These days, when I see the multitude of profile pictures on Facebook bearing a rainbow filter, I think of that veil. The rainbow veil tints reality with false hues, blurs the vision, and prevents one from seeing clearly. But what is most distressing is seeing the rainbow veil over the faces of Christian friends and family.

Last year I wrote to Christian pastors about showing real love toward those dealing with homosexuality, and I’ve written about some of my personal experiences coming to terms with my sexual identity. Now, I sense an urgency to write again to pastors, theologians, and anyone who sincerely seeks to be a faithful follower of Jesus Christ. As Greg did for me so long ago, allow me to exhort you to let God be true. I implore you, by the mercies of God, to resist the rainbow veil and make yourself and your church a truly safe space for people like Diane, me, and countless others.

Here are some concrete steps toward this goal:

1) Recognize that you are under spiritual attack.

Most likely, you are among the vast majority (at least 89 percent) of people who do not personally deal with any degree of same-sex attraction. Nevertheless, you are under relentless assault. Over two decades ago, psychologist Marshall Kirk and marketer Hunter Madsen wrote After the Ball: How America Will Conquer Its Fear and Loathing of Gays in the 90’s. This book outlined a PR campaign strategy that has been so well-implemented and long-sustained in the media that its success is breathtaking. Kirk and Madsen advised desensitizing the American public to homosexuality through a constant shower of gay images so that they would “get used to being wet.” Now, we are inundated to the point of drowning.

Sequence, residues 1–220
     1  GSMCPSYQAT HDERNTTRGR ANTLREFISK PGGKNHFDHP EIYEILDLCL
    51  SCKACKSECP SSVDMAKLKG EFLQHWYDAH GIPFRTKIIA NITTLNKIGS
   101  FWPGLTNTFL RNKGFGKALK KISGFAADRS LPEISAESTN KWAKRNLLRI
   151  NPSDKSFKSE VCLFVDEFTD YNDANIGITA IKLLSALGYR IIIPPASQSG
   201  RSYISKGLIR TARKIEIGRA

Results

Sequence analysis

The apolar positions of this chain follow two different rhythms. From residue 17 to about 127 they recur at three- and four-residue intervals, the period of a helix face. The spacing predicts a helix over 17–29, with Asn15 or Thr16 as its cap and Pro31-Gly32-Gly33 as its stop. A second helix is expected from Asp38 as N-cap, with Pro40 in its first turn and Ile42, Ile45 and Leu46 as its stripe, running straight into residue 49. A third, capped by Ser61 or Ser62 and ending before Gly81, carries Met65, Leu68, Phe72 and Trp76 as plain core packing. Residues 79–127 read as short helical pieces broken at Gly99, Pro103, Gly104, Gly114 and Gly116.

This campaign is designed to make anyone who upholds traditional Christian teaching on sexuality look hateful and foolish. It seeks to “muddy the moral waters” by continually highlighting reports of Christian “epiphanies” about changing theological understandings. Through it all, the enemy of all souls wants to extinguish the light of God’s truth in every quarter, including you and your church. You need prayer as much as I did, and do, to resist the spirits of deception. Our battle is not against flesh and blood, but against powers and principalities. Fight accordingly.

2) Do not enter into dialogue about things clearly revealed in both natural law and the Scriptures as if everything is revisable. Doing so opens the door to deception.